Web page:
These two guys aren’t on the same page.
Mayor Ron Corbett and challenger Greg Hughes disagreed about nearly everything last night at a forum in the Whipple Auditorium at the new downtown Cedar Rapids Public Library.
Corbett, who turns 53 on Saturday, said Cedar Rapids was a place “adrift” in its first year of flood recovery when he ran for mayor in 2009. He said the city was losing jobs, City Hall wasn’t making decisions fast enough and residents were “confused.” He said he has been “firm and fair” in his decisions as mayor, the city is back on its feet, the private sector is investing heavily in the city and an “exuberance of confidence” is now on display.
Hughes, 56, a longtime Quaker Co. plant employee, said he is saddened by all the vacant houses he said he sees in the city. He said City Hall doesn’t listen to the people, and the people don’t trust City Hall. He said the city needs good jobs, not low-paying ones. To city leaders, residents are “peasants,” waiting to be asked to pay more taxes, he said.
Corbett used most of his closing comments in a way that he said no political advisor would like: He encouraged people to vote for him on the Nov. 5 ballot and also to vote to extend the city’s 1-percent local-option sales tax (LOST) for 10 years to fix streets.
The mayor called the tax matter a “renewal” of a tax that already is collected in Cedar Rapids, not a tax increase. He said Cedar Rapids is a regional economic center today, which means many people come here to work and shop and leave at the end of the day. Through a sales tax, which those non-residents would pay, they can share in the cost to maintain the city streets that they use, too, Corbett said. The problem of bad streets is too big to expect revenue from city residents’ property taxes alone to fix, he said.
Hughes said he opposed the sales-tax ballot question, calling it a tax increase. He said property taxes in the city have gone up, as has the city’s franchise fee on electric and gas bills. “You just can’t keep taxing them to death,” he said of Cedar Rapids residents on fixed incomes.
Hughes caught Corbett’s attention when he accused the mayor and the City Council of misusing revenue from the existing local-option sales tax, which was put in place in 2009 to help with flood recovery and will expire June 30, 2014. He said the revenue was supposed to be used for flood victims, and the city used it for other things. “I think some people ought to be going to jail,” he said.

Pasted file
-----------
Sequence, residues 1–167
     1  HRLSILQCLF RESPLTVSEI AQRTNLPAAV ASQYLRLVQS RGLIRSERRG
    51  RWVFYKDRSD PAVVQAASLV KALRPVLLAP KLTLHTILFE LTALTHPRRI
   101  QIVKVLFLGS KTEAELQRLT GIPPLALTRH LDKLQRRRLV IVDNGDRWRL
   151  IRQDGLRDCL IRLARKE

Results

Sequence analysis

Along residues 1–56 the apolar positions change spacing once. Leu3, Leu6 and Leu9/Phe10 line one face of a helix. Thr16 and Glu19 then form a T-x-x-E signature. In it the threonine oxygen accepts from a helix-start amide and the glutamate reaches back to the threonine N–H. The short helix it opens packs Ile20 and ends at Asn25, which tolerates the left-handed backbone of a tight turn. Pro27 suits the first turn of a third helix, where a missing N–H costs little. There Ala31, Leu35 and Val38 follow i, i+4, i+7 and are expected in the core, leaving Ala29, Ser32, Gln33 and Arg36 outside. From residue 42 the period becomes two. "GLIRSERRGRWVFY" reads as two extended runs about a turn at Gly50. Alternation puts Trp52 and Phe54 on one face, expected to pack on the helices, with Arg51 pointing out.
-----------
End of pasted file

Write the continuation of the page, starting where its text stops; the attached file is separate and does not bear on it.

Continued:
Corbett said Hughes was wrong. The first $18 million of revenue went directly to flood victims to replace personal possessions and another $18 million went directly for home renovation, the mayor said.
Corbett told Hughes that running for office is like sitting on a jury — you collect information and then form opinions. He told Hughes to “learn the facts.” “You’re misleading the voters,” Corbett said of the challenger.
The city has used LOST revenue as local matching dollars for federal disaster dollars, as spelled out in the 2009 ballot language approved by voters. Some LOST funds helped out with the new library.
Last night’s forum took place in the two-story-tall, 200-seat Whipple Auditorium in the library, with a wall of windows looking out on to Greene Square Park. No question, though, came from the audience asking how the candidates liked the auditorium.
On the question of tax incentives for businesses that invest in new buildings, Hughes said the city “shouldn’t give away the farm.” Corbett said no money is given away. The city is helping those invest cover some costs by deferring property taxes they wouldn’t be paying without the investment. He pointed to the Westdale Mall project, noting that the value of the mall has plummeted over the years. That lost property-tax revenue means others need to make up the losses in their taxes, he said. Once transformed with the help of incentives, the mall property will have increased value and will increase what it pays in taxes, he said.
Corbett used the forum to provide a new insight into his thinking about flood protection. The Army Corps of Engineers’ support for east-side flood protection comes because there is sufficient value of property there to pay to protect. With the coming of the $150 million casino (with parking ramp included), west-side property value may be closer to meeting the Corps’ formula to provide protection, the mayor said.
Corbett is special projects manager at CRST Inc., former speaker of the Iowa House of Representatives and former president of the Cedar Rapids Area Chamber of Commerce, now the Metro Economic Alliance.
Hughes ran for Congress in 2012 as an independent candidate and ran for governor in 2010 without party affiliation. He won 1.2 percent of the vote in 2012, 0.3 percent in 2010. He ran a tae kwon do business in Cedar Rapids for 22 years.
The forum was sponsored by the League of Women Voters Linn County.